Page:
You might think that…but it’s probably not true.
My sister and her husband’s dog, Bailey, was a calm, very well-behaved dog. Not the type of dog you’d ever expect to bite someone. But one day while he was left alone for just a minute with their 1 year old daughter, he bit her face. As a baby who didn’t know any better, she probably got in his face and he got scared and reacted in the only way he knew how. The bite was fairly minor and no real damage was done – except that they didn’t feel that they could keep Bailey in their house anymore (he went to live with someone else). It was a sad, very difficult situation for my sister and her husband, and something that I wouldn’t want anyone to have to go through.
I’ve seen my dog Hunter be pushed around and hugged by small children, but I always try to intervene. Although I do think it is unlikely based on his nature that Hunter would bite, I can’t say it’s impossible. If a dog feels frightened, you can’t be sure how he or she will react. It is imperative, no matter how friendly you think your dog is, to monitor babies and dogs closely. And as children around your dog get older, to teach them the proper way to approach dogs.
This week is National Dog Bite Prevention Week, so I’ve been seeing a lot of articles on how to prevent dog bites. One interesting thing I just read is that Ohio has the second highest number, 1,009, of homeowners insurance liability claims related to dog bites* (California has the highest at 1,867), so it seems some education is needed here.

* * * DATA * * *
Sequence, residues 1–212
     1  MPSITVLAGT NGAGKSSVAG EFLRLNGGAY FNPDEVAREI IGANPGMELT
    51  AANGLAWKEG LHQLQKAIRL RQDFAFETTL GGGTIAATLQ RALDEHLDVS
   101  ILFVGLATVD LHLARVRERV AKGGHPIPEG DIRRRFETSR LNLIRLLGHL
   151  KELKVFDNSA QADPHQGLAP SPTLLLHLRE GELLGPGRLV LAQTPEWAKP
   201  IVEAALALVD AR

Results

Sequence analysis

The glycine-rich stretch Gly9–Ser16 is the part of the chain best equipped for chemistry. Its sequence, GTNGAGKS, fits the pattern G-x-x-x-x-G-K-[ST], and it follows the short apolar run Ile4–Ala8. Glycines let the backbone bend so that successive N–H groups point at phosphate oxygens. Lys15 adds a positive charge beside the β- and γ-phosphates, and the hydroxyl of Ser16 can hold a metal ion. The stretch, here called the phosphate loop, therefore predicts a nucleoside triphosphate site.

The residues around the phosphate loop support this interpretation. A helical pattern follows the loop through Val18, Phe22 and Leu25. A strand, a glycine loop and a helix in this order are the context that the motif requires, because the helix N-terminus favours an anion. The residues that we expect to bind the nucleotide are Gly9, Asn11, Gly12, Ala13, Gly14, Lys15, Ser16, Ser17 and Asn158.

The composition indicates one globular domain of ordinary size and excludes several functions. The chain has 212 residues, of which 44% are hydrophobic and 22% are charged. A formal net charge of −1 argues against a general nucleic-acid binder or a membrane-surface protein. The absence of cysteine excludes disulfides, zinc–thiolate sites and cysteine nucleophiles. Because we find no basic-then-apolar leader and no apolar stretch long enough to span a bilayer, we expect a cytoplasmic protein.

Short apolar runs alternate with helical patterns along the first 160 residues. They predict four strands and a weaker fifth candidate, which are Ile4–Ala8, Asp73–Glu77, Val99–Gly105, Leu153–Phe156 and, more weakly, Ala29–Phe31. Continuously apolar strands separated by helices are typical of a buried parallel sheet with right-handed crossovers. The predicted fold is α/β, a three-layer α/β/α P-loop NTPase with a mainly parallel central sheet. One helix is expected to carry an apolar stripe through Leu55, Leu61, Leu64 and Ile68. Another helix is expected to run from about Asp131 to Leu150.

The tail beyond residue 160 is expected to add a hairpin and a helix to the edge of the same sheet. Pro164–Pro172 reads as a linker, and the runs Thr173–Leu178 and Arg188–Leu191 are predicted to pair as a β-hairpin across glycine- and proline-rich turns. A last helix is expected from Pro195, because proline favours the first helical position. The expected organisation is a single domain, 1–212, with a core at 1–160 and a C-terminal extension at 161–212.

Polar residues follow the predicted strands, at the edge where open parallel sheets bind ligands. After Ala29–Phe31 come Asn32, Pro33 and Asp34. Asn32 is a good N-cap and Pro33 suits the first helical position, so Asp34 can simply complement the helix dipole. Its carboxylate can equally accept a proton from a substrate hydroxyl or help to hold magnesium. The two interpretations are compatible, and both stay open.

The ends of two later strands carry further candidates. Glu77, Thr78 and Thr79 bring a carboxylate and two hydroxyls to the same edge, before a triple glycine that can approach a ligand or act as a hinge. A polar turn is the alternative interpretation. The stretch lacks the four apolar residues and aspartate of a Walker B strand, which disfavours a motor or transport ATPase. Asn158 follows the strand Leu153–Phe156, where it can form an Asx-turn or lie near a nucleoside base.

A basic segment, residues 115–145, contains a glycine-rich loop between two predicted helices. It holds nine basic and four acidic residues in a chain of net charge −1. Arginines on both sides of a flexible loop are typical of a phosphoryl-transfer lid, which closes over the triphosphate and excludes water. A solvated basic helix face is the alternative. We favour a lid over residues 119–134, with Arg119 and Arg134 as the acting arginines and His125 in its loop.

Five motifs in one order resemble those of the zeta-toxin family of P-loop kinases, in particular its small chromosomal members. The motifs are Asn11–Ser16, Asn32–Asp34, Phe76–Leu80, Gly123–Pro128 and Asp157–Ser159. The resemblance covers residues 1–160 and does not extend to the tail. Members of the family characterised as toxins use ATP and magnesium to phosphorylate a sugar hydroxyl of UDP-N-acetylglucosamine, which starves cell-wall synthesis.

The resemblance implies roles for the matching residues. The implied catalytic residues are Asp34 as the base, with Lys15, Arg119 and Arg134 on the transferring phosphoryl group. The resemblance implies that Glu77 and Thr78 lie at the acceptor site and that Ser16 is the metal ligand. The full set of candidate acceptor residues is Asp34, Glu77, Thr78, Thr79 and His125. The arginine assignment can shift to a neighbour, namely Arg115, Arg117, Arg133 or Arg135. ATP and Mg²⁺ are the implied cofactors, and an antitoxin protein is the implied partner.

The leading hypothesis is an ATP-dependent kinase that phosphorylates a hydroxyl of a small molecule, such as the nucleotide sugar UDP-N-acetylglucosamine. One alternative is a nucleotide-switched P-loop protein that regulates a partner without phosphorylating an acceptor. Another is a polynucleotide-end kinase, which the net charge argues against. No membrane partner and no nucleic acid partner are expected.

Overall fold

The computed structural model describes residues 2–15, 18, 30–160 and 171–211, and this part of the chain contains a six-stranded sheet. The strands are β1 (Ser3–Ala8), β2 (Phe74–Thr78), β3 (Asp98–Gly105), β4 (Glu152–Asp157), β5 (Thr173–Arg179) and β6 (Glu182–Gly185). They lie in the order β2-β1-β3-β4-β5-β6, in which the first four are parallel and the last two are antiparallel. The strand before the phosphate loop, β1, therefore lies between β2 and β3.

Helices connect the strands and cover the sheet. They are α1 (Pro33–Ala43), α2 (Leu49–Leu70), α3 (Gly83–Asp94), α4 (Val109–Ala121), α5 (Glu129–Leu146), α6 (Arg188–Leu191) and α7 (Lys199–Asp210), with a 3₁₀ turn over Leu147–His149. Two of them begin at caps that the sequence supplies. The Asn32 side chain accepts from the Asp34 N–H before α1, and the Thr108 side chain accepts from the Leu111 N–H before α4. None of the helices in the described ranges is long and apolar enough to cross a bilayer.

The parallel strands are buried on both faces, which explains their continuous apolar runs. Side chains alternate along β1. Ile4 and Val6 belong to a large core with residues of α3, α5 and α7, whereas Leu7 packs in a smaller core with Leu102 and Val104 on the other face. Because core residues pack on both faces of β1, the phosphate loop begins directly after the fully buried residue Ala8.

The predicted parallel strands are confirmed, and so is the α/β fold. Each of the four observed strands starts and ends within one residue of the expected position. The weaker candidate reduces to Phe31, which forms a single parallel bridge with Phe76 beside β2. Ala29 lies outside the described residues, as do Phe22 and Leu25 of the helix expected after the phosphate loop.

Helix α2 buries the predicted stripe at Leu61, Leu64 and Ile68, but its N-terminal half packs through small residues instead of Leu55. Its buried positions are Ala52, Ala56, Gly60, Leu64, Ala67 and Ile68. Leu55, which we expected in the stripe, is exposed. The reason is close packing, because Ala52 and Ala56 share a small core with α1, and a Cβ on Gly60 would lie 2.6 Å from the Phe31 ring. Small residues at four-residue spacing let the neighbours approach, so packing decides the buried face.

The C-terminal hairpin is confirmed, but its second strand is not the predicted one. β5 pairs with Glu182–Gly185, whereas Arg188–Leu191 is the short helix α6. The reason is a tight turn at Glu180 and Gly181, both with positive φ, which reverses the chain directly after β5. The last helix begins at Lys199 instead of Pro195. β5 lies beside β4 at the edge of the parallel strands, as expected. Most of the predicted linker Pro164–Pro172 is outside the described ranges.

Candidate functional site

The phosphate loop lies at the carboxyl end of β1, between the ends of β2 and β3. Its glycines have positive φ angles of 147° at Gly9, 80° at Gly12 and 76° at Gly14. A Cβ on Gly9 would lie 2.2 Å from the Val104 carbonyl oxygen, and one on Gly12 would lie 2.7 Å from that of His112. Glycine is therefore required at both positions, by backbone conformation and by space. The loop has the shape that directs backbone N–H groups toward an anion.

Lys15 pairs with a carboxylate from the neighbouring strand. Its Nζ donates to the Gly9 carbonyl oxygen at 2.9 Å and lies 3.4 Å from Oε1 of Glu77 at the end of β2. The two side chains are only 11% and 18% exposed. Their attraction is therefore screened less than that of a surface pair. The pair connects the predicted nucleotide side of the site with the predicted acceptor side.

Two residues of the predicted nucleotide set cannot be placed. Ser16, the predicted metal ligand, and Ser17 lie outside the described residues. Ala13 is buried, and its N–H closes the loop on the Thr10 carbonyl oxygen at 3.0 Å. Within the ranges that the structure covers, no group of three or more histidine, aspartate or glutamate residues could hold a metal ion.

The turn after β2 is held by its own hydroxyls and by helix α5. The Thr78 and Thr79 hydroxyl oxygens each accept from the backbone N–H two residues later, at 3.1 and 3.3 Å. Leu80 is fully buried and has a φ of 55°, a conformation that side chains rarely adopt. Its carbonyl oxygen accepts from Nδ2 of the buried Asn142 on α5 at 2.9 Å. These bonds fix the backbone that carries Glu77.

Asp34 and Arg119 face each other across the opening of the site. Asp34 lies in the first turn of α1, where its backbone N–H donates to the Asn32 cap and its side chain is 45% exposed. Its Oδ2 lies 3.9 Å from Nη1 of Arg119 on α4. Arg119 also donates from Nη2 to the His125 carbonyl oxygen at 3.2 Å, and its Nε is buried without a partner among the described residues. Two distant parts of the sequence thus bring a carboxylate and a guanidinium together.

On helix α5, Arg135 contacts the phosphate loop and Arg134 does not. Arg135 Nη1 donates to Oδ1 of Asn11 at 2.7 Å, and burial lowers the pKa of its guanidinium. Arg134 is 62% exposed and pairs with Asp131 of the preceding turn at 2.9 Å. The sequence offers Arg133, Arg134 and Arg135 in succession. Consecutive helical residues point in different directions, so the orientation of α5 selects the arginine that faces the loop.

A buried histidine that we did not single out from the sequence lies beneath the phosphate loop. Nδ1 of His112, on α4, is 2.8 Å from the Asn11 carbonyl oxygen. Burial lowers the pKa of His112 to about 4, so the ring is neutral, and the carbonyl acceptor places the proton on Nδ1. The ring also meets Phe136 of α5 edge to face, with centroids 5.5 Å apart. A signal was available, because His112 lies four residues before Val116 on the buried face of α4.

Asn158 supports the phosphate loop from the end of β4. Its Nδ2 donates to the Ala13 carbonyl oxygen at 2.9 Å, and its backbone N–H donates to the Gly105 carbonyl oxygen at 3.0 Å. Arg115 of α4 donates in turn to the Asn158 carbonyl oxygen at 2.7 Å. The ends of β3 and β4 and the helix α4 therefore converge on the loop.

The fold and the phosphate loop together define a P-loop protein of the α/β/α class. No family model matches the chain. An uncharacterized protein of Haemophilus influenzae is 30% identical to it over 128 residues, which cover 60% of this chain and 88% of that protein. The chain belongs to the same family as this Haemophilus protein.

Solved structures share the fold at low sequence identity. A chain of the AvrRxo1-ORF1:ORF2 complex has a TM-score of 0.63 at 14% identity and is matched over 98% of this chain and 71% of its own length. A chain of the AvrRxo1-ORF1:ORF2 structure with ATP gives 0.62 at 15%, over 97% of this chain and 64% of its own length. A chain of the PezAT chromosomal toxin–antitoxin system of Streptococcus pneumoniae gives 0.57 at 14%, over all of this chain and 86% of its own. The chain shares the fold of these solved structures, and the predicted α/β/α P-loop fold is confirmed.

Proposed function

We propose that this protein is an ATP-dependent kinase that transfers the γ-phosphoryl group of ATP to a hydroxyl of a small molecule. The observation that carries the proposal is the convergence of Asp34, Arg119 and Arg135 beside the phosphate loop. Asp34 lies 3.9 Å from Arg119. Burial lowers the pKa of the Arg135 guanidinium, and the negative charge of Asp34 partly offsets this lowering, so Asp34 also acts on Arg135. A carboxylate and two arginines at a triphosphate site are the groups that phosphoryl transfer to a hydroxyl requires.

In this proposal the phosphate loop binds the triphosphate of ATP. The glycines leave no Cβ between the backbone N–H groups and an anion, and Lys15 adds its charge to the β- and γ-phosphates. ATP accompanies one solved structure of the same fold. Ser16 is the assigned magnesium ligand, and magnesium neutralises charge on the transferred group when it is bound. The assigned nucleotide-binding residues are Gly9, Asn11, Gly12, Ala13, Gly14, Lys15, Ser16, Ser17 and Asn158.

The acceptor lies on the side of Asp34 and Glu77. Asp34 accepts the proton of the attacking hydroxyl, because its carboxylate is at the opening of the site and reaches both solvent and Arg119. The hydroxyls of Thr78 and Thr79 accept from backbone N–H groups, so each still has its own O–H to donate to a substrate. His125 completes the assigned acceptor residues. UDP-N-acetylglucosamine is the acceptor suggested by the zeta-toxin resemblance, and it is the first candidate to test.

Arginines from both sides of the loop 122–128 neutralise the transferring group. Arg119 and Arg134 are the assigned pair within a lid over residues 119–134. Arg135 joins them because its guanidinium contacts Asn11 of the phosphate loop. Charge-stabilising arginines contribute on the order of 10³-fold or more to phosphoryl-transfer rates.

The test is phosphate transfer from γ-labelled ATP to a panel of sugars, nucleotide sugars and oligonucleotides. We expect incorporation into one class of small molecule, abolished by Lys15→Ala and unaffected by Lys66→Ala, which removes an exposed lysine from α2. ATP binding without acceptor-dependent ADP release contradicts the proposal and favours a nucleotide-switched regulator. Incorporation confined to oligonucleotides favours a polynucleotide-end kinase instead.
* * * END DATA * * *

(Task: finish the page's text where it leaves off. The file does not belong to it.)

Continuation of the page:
Since most dog bites involve children, educating them about proper interactions with dogs is probably one of the most important keys to preventing dog bites. State Farm and Victoria Stilwell put together a quiz asking children ages 5-9 about common dog behaviors to see what they understood about dog body language. The quiz, probably not surprisingly to many of us, uncovered that children have a lot to learn about interacting with dogs.**
Image courtesy of State Farm and Victoria Stilwell
Based on how often children on the street run up to my dogs and want to pet them, this does not surprise me. I often have to quickly tell them that Roscoe does not want to be pet (I think he will definitely bite), but if he was a more aggressive dog it would probably be too late. It’s important for kids to be aware that even cute little dogs can bite and that very few dogs like to have hands near their face or be approached in a hyper manner. Some other things to teach children about interacting with dogs:
- Most dogs do not like to be hugged or kissed. In general, you should avoid putting your hands or face near a dog’s face you don’t know
- Children should never approach a dog who is eating, since some dogs are food aggressive
- Don’t approach a dog in an enclosed area or put your hands on the other side of the fence or in an enclosed area a dog is in
If you have a child in your life that needs to learn proper behavior around dogs, the American Veterinary Medical Association’s “spokesdog” Jimmy the Dog put together this video (it’s a little cheesy, but kids like this kind of stuff right?) you may want to show them:
Have you talked to the children in your life about the proper way to interact with a dog?
*Source: Insurance Information Institute – http://www.prnewswire.com/news-releases/dog-bites-accounted-for-more-than-one-third-of-all-homeowners-liability-pay-outs-last-year-as-cost-per-claim-soars-300083383.html
**Source: Victoria Stilwell and State Farm – http://www.multivu.com/players/English/72928517-state-farm-dog-bite-prevention/